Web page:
Britain has thrown up many fabulous pop stars over the last half a century. It’s actually something we seem to specialise in – think John Lennon, Mick Jagger, David Bowie, Marc Bolan, Morrissey etc. And then there’s Adam Ant, to which some of you, particularly if you are under 35 and/or not British might say “who?”.
And it would be a fair question. His profile certainly doesn’t match those aforementioned legends, and it’s been a while since he had anything approaching a hit record but for most of the 80’s here in Britain there were few names more famous, few stars who had greater charisma, flamboyance, and out-and-out showmanship. Nowhere were these attributes more apparent than in his videos, which gave him the perfect opportunity to show off his unique sense of style and theatrical nature.
Stuart Goddard was born in 1954 in Marylebone, London as the only child of parents Leslie and Betty. A sometimes unruly child he eventually developed a love of art as a means of self-expression and after leaving school attended art college, although he dropped out before completing his studies to focus on his burgeoning interest in music joining a band called Bazooka Joe as bass guitarist. It was whilst playing a gig with them at St. Martin’s School of Art in late 1975 that he was to witness the first public performance of a new band called the Sex Pistols, who were the support act that evening. It profoundly affected him and he left Bazooka Joe shortly after to pursue a different musical direction.
After briefly forming a band with the terrible name The B-Sides who rehearsed alot but never gigged he changed his name to Adam Ant (as he would later explain because Adam was the first man and ants are “resilient little buggers”) and formed the first line-up of Adam & the Ants, the group he would find fame with. Initially a four-piece their first album Dirk Wears White Sox mixed punk, funk, soul, and art-house lyricism and imagery and was released to mixed reviews. It was only after more line-up changes and their second album Kings Of The Wild Frontier that they would finally break big. This line-up featured two drummers playing tribal, African-esque beats and low-slung rockabilly guitar work from Marco Pirroni, who would also become Ant’s songwriting partner.
Now you have the back-story I want to look at three videos from the early 80’s when Ant was at his peak that illustrate just why he was was so unique. Let’s kick off with…
Stand & Deliver
Released in May 1981 this song entered the charts at No.1 and stayed there for five weeks selling a million copies in the process. Taking Dick Turpin to some kind of silly extreme the video and lyrics use “dandy highwayman” imagery to extol the virtues of vanity (“try and use a mirror, no bullet or a knife”) and gives Ant a chance to don a fabulous period costume and of course the make-up for which he would also become known including the famous white-stripe across the face. Ant’s style both musically and stylistically really crystalised with this release and suddenly he was the biggest pop star in Britain.
The follow up single to Stand & Deliver upped the anti somewhat in terms of costumes and general all-round flamboyance. The video places Ant in a male Cinderella role,and the whole thing is one giant pantomime including ugly sisters played by men in drag and of course the fairy godmother played by English actress Diana Dors in one of her last screen appearances. Ant’s style is 18th century Regency, very foppish and utterly fabulous. No other pop star at this time would have had the balls to even try and pull this off, and although it borders on the ridiculous it’s saved by Ant’s utter commitment and sense of fun. It’s knowingly done, as in he nows he probably looks a bit ridiculous but as the song says “ridicule is nothing to be scared of” and he really wasn’t scared at all, which is how he gets away with it. This was his second Number 1 in a row, where it stayed for 4 weeks.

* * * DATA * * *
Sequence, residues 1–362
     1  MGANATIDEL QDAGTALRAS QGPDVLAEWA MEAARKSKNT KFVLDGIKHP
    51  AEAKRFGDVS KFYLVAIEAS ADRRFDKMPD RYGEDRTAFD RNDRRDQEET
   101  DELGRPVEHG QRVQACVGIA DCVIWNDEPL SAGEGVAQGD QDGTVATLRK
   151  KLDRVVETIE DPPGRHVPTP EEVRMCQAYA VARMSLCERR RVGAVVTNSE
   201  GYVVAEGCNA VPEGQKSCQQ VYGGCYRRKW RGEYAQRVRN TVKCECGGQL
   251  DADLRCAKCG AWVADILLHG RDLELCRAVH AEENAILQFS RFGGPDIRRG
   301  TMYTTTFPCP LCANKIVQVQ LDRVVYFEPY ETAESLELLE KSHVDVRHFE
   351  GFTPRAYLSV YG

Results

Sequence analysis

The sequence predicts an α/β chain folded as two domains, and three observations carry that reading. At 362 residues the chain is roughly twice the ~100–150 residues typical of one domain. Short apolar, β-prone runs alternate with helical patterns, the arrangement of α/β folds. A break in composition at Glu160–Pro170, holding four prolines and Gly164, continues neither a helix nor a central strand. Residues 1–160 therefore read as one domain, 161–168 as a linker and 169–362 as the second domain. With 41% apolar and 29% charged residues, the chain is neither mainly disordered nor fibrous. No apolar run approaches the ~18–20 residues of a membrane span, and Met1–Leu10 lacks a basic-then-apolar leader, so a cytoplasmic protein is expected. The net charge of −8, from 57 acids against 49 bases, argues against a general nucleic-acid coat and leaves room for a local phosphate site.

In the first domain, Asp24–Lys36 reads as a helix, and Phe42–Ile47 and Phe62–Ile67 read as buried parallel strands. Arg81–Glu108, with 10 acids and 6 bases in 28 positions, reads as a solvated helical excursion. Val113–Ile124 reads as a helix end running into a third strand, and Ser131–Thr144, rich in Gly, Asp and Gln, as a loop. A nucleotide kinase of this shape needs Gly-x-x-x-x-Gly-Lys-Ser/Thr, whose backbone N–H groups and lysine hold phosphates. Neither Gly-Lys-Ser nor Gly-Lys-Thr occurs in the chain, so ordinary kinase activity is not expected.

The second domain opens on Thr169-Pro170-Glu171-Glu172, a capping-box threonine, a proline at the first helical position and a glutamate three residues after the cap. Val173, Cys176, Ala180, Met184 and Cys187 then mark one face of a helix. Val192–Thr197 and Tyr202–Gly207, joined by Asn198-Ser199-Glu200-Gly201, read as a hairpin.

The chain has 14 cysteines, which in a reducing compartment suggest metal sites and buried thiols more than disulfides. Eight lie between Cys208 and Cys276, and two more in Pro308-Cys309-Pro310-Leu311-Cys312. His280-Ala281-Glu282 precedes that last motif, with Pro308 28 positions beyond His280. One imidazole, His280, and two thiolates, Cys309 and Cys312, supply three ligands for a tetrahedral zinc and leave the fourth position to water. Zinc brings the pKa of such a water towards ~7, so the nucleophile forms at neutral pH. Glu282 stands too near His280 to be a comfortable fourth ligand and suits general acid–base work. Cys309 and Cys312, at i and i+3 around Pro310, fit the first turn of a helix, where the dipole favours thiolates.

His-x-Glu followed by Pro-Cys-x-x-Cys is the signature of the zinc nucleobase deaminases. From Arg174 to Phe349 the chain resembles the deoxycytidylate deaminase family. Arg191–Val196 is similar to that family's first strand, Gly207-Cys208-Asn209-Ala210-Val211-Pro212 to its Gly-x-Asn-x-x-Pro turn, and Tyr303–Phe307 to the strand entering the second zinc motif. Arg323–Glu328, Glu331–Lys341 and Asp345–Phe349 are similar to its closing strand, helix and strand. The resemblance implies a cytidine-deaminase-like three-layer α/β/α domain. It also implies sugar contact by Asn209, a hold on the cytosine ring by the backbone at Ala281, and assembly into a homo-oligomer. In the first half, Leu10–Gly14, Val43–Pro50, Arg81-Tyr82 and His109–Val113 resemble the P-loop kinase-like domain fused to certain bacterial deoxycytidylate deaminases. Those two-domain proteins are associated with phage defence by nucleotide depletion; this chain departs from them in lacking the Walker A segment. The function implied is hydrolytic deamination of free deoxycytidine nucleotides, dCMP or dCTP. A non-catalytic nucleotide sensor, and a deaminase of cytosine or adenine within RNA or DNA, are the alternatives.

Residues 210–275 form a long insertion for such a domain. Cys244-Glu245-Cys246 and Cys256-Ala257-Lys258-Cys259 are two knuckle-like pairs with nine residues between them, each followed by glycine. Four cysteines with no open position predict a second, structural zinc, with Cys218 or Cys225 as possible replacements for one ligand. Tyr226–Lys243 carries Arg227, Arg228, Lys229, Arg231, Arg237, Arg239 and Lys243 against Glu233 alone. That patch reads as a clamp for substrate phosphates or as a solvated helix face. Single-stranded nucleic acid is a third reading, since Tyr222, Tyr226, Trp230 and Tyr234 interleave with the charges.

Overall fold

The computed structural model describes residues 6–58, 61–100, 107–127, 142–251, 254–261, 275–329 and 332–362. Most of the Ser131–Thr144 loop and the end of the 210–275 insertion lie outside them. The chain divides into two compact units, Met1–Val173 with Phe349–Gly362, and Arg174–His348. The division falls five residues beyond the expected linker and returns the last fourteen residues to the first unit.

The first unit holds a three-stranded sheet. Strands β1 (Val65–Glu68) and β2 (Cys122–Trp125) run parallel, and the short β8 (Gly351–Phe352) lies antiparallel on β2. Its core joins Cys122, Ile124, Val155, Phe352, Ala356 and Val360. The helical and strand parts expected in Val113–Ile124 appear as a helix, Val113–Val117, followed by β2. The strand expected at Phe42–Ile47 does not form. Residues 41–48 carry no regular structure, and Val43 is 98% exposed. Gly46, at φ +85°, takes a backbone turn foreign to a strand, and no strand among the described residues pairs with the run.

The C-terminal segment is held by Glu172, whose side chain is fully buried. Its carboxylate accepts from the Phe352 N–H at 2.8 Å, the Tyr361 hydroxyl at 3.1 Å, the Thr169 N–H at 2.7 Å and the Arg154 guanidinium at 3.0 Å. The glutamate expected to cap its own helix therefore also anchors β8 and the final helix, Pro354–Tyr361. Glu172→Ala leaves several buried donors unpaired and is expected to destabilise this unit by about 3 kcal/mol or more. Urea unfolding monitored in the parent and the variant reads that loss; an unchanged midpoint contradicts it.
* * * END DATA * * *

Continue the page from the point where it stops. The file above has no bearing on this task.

Goody Two Shoes
Ant’s first solo single also happens to probably his best. Following neatly on from his work with the Ants, this song about being famous was another No.1 in Britain and a huge hit all over the world being the first single of his to break the US charts. The video entails self-parody, as well as having a not-so-subltle dig at the press who by now were all over him like vultures. Actually, an Adam Ant song and video about the perils of being Adam Ant could be seen as high narcissism were it once again not for his sense of fun and no small amount of self-deprecation. It also helps that it’s a kick ass song.
For a chunk of the 80’s Ant had the world at his feet. Once he had broken the US charts it seemed likely that his star would keep rising. For whatever reasons it never really happened and from here on in, despite the odd big success, his career was one of diminshing commercial returns. It’s a shame because he possessed genuine star quality. In recent years he revealed a life-long battle with bipolar disorder which certainly played a part in him being unable to sustain his success. He’s still around though and his extravagantly titled 2013 album Adam Ant Is the Blueblack Hussar in Marrying the Gunner’s Daughter – his first for nearly 20 years – garnered critical acclaim. Later this year he releases the follow-up Bravest Of The Brave, and whilst it probably won’t see him at the top of the charts again it’s nice to see him back in the flow of things. Pop stars like Adam Ant are few and far between and in this age of bland identikit talent show pop starlets we could do with more like him. Don’t you ever stop being dandy Mr Goddard, those of us who know appreciate it very much…